A Counterfactual History of Transgender Students' Rights
Dean Kristi L. Bowman | Vol. 20 | Online | January 2018
Disputes about transgender students’ rights are growing in number and prominence. In spring 2017, when the Trump Administration rescinded the Obama Administration’s guidance that had protected transgender students, the Supreme Court cancelled oral argument in Gloucester County v. G.G., the case it was scheduled to hear on this topic, vacated the lower court’s opinion, and remanded the case. But what if that hadn’t happened? Specifically, what if Hillary Clinton had been elected president, the guidance had remained in place, and the Court had heard oral argument as originally scheduled in Gloucester County? This piece employs the approach of counterfactual history, presenting what I believe would have been the Court’s decision in Gloucester County in an alternate reality: The Supreme Court would have sided with student Gavin Grimm on administrative law grounds with Justice Kennedy, the swing vote, giving the liberal justices their fifth vote. Continuing in this parallel universe, I take what surely would have been an initial reaction by transgender advocates—that the decision was “the Brown v. Board of transgender rights”—and test the limits of that statement. Finally, I return to the present day, reflecting on what we can learn from the counterfactual history, considering how that knowledge can inform our understanding of what happened and why, discussing the current and emerging litigation in this area, and analyzing the importance of policy choices at the state and local level.
Views Among College Students Regarding Freedom of Expression: An Analysis in Light of Key Supreme Court Decisions
Professor John Villasenor | Vol. 20 | Online | January 2018
This Essay presents and analyzes results from an August 2017 survey of 1,500 current students at U.S. four-year colleges and universities regarding freedom of expression under the First Amendment. The survey was designed to enable an examination of those views in light of key Supreme Court precedents on issues including “true threats,” incitements to imminent lawless action, and defamation. The results indicate that the common stereotype—that students have an overly narrow view of First Amendment freedoms—while correct in some respects, is also an oversimplification. A more accurate characterization is that many students hold views on freedom of expression that are inconsistent with the scope of the First Amendment—overly narrow in relation to expression that they deem offensive, but overly broad in relation to defamation and incitements to imminent lawless action.
Remedial Reading: Evaluating Federal Courts' Application of the Prejudice Standard in Capital Sentences from "Weighing" and "Non-Weighing" States
Sarah Gerwig-Moore | Vol. 20 | Online | January 2018
On March 31, 2016, the State of Georgia executed my client, Joshua Bishop. Until the time of his execution, several successive legal teams challenged his conviction and sentence through the usual channels: direct appeal, state habeas corpus proceedings, and federal habeas corpus proceedings. The last hearing on the merits of his case was before a panel of the United States Court of Appeals for the Eleventh Circuit, which accepts appeals from death penalty cases out of Georgia, Florida, and Alabama. In a lengthy opinion describing the many mitigating circumstances present in Mr. Bishop’s case, the Eleventh Circuit denied relief. This is not uncommon. What stood out, however, in the preparation of his petition for certiorari in the United States Supreme Court, was certain terminology in the opinion that seemed to indicate it had re-weighed evidence offered in aggravation and mitigation of his death sentence. This was disconcerting, since Georgia is a “non-weighing” state. This error formed the basis for Mr. Bishop’s final legal challenge—which was ultimately unsuccessful, but which attracted national interest. This Article describes the heart of that challenge and explains why the appropriate legal tests matter in such cases: life is at stake.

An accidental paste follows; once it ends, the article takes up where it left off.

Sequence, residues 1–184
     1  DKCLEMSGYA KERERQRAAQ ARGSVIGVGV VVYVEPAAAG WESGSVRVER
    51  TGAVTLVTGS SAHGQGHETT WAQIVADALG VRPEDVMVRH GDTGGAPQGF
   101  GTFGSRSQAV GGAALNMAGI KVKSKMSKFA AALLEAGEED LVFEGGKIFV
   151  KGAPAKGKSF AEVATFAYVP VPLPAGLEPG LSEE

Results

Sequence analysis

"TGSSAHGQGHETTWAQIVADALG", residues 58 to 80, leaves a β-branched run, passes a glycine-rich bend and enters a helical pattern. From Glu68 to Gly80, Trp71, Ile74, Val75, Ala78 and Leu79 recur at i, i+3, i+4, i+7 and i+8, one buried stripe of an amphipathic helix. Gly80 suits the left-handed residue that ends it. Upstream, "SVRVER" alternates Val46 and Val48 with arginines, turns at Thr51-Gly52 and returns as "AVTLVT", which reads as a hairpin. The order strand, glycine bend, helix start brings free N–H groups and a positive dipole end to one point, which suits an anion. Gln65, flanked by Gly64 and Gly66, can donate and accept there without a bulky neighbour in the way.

Resolving the Reasonable Belief and Probable Cause Circuit Split Stemming from Payton and Steagald
Steve Ragatzki | Vol. 20 | Online | December 2017
In Payton v. New York, the Supreme Court held that police, without a search warrant, may enter a suspect's home to execute an arrest warrant. Later in Steagald v. United States, the Supreme Court held that police may not execute an arrest warrant in a third party's home unless the police also had a search warrant for that home. The resulting ambiguity--how certain must police be that a suspect resides in a home--has led to a circuit split among federal courts of appeal. Some courts require both an arrest warrant and a search warrant. Other courts require an arrest warrant and a "reasonable belief" that the suspect resides in the home. This article examines arguments for and against each standard and concludes that the Fourth Amendment requires both an arrest warrant and a search warrant.
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